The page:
Russell's Knob is a haven - a place where free people of any color have made a community. Dossie arrives there very young, having been sent along viaRussell's Knob is a haven - a place where free people of any color have made a community. Dossie arrives there very young, having been sent along via the underground railroad by her parents, who hoped she'd find freedom, and by Duncan Smoot who, by stealth, got Dossie away from the family who intercepted her and enslaved her. But is Dossie free? Too young to understand much about her situation and her surroundings, she sees Duncan as a savior, almost God. She is highly influenced by the words of her evangelical last conductor, who assured her that God had a plan for her. As a little girl in Smoot's house, Dossie learns to cook and care for animals, and is only too happy to do whatever Duncan asks of her. Life with him is, after all, much better than any place else she has lived thus far.
Clarke's writing is unusual and unsettling. At first, Duncan Smoot is the narrator, and we get a picture of him as a dedicated (if possibly addled) participant along the underground railroad. Then the writing shifts, and we are no longer inside any character's head. Clarke describes Russell's Knob, its history and its inhabitants, and details a place in which there is more kindness and equality than all the other places around. But then she writes with language so coarse and hard -- You know all is not how it seems and something awful must be coming. But what?
I am trying to decide, as I am reading this, whether or not I like it. There's an emotional superficiality that I'd like to get under.
In the end, I liked this book for what it was about and not for character development. The author just didn't let us get close to any of them. Still, Clarke highlights some really important stuff -- Life (and this story) has a constant undercurrent of danger and fear for folks at the bottom of the power structure. Even during happy times, those 'above' you can turn on you at any time, and the law will be on their side, not yours. It was true for free blacks and "amalgamators" in the civil war era, and it's true for so many today, including in the United States....more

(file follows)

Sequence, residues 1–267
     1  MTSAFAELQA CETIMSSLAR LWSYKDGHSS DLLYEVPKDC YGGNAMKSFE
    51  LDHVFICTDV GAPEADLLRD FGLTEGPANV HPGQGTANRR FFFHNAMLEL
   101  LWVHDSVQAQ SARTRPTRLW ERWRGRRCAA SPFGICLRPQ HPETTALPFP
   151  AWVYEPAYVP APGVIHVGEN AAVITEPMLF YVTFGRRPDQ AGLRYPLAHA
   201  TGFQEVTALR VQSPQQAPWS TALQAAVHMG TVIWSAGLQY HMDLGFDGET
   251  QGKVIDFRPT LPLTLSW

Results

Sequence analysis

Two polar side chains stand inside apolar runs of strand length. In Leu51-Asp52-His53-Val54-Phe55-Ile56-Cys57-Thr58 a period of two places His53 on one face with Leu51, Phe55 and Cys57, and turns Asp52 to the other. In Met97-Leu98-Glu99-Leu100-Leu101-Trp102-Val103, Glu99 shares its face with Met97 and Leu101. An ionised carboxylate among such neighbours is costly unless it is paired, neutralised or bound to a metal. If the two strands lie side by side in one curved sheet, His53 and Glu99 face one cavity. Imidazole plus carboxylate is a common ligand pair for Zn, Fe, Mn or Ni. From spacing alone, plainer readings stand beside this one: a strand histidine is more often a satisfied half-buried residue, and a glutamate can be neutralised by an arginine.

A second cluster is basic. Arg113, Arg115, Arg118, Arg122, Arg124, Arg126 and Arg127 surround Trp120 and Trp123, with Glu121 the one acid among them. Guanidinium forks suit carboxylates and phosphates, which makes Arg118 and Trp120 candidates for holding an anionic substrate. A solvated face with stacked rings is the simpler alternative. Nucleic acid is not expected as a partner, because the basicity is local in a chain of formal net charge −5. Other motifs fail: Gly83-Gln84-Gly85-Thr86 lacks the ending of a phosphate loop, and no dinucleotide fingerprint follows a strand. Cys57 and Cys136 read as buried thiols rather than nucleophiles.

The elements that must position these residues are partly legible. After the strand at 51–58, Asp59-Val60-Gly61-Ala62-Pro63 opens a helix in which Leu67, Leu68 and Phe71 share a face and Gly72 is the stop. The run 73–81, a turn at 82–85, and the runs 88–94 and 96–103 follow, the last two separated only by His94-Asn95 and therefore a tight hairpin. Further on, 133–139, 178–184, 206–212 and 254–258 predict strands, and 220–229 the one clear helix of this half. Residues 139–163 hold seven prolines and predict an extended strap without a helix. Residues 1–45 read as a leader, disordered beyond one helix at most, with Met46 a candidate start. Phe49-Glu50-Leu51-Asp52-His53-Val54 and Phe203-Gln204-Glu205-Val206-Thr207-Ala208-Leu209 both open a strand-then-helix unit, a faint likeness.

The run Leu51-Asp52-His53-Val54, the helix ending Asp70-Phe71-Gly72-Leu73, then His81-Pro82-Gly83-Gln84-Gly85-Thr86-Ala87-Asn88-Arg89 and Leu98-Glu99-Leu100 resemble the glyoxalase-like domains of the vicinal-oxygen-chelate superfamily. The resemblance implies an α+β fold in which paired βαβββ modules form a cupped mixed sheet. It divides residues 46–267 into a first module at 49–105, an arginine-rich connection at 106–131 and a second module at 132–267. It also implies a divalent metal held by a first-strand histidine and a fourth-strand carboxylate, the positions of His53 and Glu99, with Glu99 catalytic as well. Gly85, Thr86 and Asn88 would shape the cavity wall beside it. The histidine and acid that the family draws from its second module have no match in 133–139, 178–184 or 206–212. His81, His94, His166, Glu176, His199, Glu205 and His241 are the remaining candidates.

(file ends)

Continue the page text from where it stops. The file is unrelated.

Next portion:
Okay. If you like slasher horror movies with one monster after another, blood, pus, death and death and death and death, naps, no unifying world philoOkay. If you like slasher horror movies with one monster after another, blood, pus, death and death and death and death, naps, no unifying world philosophy and no resolution, you may enjoy this book. It is not for me....more
This book is spot-on with the daily hell some kids have to go through in high school. Kids who are different in any way, or not different at all, butThis book is spot-on with the daily hell some kids have to go through in high school. Kids who are different in any way, or not different at all, but simply the unlucky winners of that unofficial lottery, become to brunt of other kids' mysterious need to be mean. Well-meaning adults fail to see, or look the other way -- and the targeted kids begin to feel that the only thing they can do is take drastic action on their own.
In this book, Mia and Nasreen are lucky, because they find one another and become friends. Each gives each other a little strength.
I would read more books in this series. It absolutely delivers. A very quick and easy read without talking down to the reader or being preachy. There were places in the reading when I was in tears -- I could really feel for those kids and it brought back what those years can be like.
I recommend this book to adults who work with teens, kids who've experienced bullying, and kids who may have found themselves on the mean end of the interactions....more
While I was reading this, I enjoyed it very much. It's inventive: I love the device of the old yellow rotary phone that enables Georgie to reconnect wWhile I was reading this, I enjoyed it very much. It's inventive: I love the device of the old yellow rotary phone that enables Georgie to reconnect with her husband, Neal, 15 years in the past. (I thrilled to the tiny Doctor Who references, even to the "Let's Kill Hitler" episode.) What would you do if you could communicate with your younger self or with your partner in the past? How do you decide if you both might have been better off if you'd let your relationship die before it became entrenched? And, even if you're not quite happy, there are the kids - sacrificing the relationship means the kids would never exist. Could you live with that?